This is a pretty sensitive topic and I’m going to do my best to keep the discussion limited to the concerns that I have for catcalling runners, while keeping in mind that this subject can go many different directions and take tangents that would lose relevance to this blog.
As we all know, catcalling is offensive and not generally appreciated in all of its forms. Aside from the position it puts women (and even men) in, it is also scary. This is especially true when you’re catcalled or honked at during a run. Runners have been bringing this issue to attention for a long time now and nothing seems to be changing – there’s even a reddit thread about catcalling runners. It affects the way we (I use “we” to refer to those that are being catcalled, not specifically women in all cases) run, from the running clothes we buy and wear to the routes we take. Sometimes I even opt to run on a treadmill because I know that my long run will take me too far from home and I won’t get back until dark, which is scary even when I’m wearing reflective gear; it’s not cars or tripping and falling that I’m scared of, it’s getting harassed or even followed during my run. Hobbies should not be scary.
Recently, I went on pleasant beautiful long runs in the late morning on two Saturdays and was harassed two weeks in a row. These were both instances that involved people in cars and it put me ill at ease to think that these folks thought it was OK to catcall someone. What made the incident even more frustrating and disturbing is that they thought it was worth it to harass someone that they were only seeing for a fleeting few seconds. One car was a group of men and I couldn’t even understand what they yelled and the other was a honk. While I was disgusted with both, the honk brought up a thought that I haven’t seen in many other discussions – honking at runners is, frankly, physically traumatizing. If you run on the road or sidewalk where there’s any amount of traffic, you train yourself to expect honks to signal that there’s danger and you should react quickly. I even get startled when cars far away honk at each other, so being honked at is even worse. I almost tripped over my own feet as I jumped and had to stop running to walk off the startle. My heart was thudding in my chest after skipping a beat and then I started to get upset. What good did that honk do? It left me trying to catch my breath and calm my heart rate while trying to figure out how to direct my emotions. Was I scared? Disgusted? Angry? Frustrated? Disappointed?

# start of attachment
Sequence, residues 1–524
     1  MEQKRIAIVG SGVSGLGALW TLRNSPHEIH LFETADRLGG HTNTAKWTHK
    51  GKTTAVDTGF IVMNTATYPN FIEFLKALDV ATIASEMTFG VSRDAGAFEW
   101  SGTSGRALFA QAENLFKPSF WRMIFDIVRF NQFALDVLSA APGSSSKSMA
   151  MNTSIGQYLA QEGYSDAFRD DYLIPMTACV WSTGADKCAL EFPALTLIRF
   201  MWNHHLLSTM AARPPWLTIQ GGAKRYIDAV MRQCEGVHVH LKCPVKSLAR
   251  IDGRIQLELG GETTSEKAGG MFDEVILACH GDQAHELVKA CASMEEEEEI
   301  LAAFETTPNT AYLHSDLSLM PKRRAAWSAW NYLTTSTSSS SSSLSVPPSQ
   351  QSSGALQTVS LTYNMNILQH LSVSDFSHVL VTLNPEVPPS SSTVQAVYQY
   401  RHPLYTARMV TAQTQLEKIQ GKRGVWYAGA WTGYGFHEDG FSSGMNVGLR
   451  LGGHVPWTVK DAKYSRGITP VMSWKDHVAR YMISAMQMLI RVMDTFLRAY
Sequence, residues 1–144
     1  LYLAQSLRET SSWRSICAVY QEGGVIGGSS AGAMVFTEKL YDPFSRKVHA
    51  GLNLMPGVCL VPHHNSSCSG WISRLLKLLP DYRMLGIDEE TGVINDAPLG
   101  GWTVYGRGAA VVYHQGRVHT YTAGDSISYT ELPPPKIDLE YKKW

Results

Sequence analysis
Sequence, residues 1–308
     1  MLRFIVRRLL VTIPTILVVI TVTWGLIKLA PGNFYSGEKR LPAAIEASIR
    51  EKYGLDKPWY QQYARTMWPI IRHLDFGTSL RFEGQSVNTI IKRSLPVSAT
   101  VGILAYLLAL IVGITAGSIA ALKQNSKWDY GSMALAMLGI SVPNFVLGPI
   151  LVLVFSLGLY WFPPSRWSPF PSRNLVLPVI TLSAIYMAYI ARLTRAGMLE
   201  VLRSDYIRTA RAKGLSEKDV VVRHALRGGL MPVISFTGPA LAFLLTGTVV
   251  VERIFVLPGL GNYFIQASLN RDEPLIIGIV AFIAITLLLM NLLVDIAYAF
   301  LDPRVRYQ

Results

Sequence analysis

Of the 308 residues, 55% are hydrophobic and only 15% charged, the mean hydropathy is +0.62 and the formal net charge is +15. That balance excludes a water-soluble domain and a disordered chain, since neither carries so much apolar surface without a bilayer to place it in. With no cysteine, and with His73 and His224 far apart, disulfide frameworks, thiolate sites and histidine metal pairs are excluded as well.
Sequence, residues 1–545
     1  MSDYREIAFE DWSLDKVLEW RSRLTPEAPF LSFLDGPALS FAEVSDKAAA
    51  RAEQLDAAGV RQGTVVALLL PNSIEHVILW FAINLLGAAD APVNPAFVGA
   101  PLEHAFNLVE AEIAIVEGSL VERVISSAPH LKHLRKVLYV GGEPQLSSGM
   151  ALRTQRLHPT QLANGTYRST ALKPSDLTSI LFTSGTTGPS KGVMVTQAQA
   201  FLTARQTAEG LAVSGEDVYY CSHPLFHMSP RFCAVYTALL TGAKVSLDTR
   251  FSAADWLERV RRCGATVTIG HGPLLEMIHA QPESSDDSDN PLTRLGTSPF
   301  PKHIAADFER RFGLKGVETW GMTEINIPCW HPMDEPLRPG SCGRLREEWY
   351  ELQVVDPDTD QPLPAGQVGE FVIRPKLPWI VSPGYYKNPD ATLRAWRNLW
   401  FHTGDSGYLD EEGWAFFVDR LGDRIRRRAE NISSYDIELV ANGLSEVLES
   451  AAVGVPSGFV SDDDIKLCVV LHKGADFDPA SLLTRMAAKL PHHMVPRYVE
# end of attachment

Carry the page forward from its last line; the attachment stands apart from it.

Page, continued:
I could answer “yes” to all of those, and those feelings are something that no one should have to worry about on a run, but what really matters is the fact that this is pervasive in the running community and while discussion has been ongoing, it’s still something that influences the way we run. I don’t have a perfect solution to the catcalling issue, but I do think that a big step forward is making people aware that what they’re doing is wrong. Understanding the meaning behind a honk or yelling at someone while they’re running and what it can do mentally, emotionally, and physically is at the very least a good start. Obviously, we don’t live in a perfect world, but if we keep talking about these situations and incidences honestly and openly, we can help others see how strong their actions can be.